Guilty Simpson Detroit's Son

Guilty Simpson Detroit's Son
7
Despite what you may think, hot hip-hop verses don't require hot beats. In fact, a beat isn't really even necessary. That's the case, at least, when Guilty Simpson is rapping, as the Motor City MC deftly proves in the first few bars of his new LP, Detroit's Son. The instrumental on "R.I.P." initially consists of only a vibrato-rife hum that sounds like a whirring propeller before take-off, but its escalating tempo, sans drums, matches Simpson's verses seamlessly. Soon, the tension of the buzzing, minimalist instrumentation has escalated to thrilling heights, and when the beat finally does drop, it does so with the force of a falling anvil. 
 
It's a brilliant, engrossing opener that showcases the MC's simultaneous nuance and creativity. While Simpson's delivery remains gruff and gritty, and his lyrics remain mostly layered and dynamic, he impresses most of all with his selection of instrumentals, which all come courtesy of Katalyst (best known from the hip-hop production super-group Quakers).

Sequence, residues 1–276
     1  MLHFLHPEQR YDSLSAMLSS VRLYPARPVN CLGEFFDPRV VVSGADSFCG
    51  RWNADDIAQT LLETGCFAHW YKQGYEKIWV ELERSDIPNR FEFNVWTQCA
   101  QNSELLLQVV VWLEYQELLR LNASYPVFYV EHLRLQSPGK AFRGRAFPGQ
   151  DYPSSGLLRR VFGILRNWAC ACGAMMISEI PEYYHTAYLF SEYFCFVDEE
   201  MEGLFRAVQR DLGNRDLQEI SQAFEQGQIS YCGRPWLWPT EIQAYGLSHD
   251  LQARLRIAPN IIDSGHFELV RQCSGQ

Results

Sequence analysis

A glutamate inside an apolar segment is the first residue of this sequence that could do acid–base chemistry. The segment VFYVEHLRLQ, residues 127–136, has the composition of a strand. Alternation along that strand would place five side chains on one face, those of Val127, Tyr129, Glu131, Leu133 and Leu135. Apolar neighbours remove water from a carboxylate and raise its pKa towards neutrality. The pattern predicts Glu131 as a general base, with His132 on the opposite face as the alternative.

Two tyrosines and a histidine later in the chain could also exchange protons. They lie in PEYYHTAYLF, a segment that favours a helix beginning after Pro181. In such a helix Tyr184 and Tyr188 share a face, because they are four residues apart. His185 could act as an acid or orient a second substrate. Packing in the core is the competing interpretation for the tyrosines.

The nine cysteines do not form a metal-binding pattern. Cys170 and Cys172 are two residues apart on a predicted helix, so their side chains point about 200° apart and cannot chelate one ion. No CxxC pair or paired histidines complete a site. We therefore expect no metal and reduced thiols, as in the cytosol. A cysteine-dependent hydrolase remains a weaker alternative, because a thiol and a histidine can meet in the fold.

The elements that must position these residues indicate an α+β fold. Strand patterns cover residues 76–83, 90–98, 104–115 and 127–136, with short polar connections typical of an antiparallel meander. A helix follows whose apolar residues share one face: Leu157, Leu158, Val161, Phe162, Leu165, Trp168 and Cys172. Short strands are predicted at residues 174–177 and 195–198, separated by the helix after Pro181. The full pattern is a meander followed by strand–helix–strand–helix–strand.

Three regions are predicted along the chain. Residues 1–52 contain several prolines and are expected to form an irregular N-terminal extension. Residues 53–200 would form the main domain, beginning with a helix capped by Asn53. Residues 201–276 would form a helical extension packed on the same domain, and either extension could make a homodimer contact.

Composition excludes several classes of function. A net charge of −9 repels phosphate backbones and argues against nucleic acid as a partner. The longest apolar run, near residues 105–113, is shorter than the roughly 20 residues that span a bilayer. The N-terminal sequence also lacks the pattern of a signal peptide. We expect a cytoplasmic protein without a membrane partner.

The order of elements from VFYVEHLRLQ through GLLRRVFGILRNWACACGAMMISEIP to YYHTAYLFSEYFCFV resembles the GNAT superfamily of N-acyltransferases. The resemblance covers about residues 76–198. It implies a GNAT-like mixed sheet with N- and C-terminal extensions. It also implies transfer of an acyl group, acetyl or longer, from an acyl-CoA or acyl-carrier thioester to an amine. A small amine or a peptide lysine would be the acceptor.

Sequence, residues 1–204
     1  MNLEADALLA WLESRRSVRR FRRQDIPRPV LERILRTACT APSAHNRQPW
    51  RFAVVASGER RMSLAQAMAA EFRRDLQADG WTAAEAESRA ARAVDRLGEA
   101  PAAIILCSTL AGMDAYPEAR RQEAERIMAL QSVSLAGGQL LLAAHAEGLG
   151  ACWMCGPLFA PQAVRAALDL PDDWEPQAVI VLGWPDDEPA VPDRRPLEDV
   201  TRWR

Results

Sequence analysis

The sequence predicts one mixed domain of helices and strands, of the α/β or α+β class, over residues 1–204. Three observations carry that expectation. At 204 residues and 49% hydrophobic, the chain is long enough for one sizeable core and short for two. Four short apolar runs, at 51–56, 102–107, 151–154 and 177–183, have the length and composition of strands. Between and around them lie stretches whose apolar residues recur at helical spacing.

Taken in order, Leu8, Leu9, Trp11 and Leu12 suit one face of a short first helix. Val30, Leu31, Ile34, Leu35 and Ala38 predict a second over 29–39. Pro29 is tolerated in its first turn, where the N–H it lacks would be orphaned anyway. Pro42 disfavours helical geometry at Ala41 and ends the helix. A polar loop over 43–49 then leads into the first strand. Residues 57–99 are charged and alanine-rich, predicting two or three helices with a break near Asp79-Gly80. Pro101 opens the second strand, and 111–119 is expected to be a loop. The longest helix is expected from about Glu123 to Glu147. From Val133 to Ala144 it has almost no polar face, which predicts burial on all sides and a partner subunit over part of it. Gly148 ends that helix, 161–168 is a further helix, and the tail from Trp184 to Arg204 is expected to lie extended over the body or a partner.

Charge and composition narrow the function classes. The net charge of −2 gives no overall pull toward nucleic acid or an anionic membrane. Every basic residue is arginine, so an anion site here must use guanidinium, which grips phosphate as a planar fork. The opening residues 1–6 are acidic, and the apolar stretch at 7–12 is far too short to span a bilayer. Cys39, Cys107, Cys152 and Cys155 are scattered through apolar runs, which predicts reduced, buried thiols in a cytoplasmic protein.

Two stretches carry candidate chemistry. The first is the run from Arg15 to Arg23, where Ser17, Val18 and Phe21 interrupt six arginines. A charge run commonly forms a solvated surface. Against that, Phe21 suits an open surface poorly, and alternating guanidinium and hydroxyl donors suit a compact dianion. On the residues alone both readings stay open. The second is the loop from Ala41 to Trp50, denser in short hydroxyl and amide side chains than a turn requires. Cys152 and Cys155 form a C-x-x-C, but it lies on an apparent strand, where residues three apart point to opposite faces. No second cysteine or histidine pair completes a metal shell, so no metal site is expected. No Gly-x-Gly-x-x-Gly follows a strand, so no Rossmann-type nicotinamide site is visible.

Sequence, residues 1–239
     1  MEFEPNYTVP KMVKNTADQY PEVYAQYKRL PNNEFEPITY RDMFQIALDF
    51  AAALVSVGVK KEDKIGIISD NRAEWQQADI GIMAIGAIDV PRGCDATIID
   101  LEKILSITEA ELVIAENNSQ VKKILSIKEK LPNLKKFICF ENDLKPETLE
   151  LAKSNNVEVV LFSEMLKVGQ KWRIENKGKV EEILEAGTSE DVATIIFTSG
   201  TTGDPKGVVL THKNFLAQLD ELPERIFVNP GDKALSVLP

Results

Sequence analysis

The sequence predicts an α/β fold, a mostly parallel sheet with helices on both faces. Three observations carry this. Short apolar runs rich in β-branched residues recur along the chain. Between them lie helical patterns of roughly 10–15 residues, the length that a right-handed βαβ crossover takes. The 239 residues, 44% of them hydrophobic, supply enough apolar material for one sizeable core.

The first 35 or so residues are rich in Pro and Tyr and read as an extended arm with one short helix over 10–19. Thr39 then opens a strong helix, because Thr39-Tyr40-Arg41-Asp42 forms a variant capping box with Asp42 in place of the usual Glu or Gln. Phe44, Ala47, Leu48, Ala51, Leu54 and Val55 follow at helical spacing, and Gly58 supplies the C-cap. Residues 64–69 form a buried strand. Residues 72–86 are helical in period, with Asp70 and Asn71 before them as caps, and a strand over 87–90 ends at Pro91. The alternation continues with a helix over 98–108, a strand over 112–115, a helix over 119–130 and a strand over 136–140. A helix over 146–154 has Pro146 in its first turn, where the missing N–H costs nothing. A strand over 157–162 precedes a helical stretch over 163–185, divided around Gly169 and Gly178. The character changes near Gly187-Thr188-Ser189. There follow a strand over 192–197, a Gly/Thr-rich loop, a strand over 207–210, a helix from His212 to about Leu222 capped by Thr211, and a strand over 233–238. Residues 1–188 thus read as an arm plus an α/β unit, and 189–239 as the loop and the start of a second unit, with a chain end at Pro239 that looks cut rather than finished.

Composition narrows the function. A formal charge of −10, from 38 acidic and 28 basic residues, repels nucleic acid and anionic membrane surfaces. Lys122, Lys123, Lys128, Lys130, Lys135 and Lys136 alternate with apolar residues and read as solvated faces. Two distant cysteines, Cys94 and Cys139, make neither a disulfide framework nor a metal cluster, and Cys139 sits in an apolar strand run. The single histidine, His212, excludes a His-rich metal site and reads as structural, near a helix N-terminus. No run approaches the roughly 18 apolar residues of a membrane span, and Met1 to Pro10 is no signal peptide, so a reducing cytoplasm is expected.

"Radiation Burn" is a prime example of that astounding production, what with its bobbing and weaving bass line and ratatat drums that make it sound like a worthy homage to "Da Mystery of Chessboxin.'" "Fractured" is equally punchy and upbeat, but distinguishes itself with a brazen electric guitar riff that is catchy and, shockingly enough, doesn't drift into showiness or camp. 
 
"Smoking," meanwhile, blazes with shimmery '70s-era soul synths. It's by far the most fun and accessible song on the LP, almost to a fault — the catchy instrumentation being paired with an uncharacteristically laughable lyrical turn from Simpson on the early bars wherein he rhymes crew, brew, passin' through and others). Later imaginative, highly skilled lines in the songs stand in start contrast to the clunky simplicity of the earlier bars, indicating that perhaps that was Simpson's intention — to have dumb fun on a weed song. 
 
In fact, Simpson may be at his very best when engaging in such hijinks. On "Rhyme 101," he hilariously spits "I stack cheddar / Age don't mean shit when you rap better," over a rattling, off-kilter beat and groaning call-of-the-wild horns, while on "Dirty Glove," he's sure to become the first rapper in history to rhyme "poodle" with "kit and caboodle."  
 
But Detroit's Son is not without its flaws. "Money" is a dull and rudimentary concept track about how the almighty dollar corrupts, featuring predictable lines from Simpson. Such blemishes, and the indulgent total of 17 tracks, hinder this otherwise astounding record, but that doesn't diminish its vast range of instrumentals, unpredictable twists, and the sturdy consistency of Simpson's lyrics, making it another solid release in his already storied career. (Stones Throw)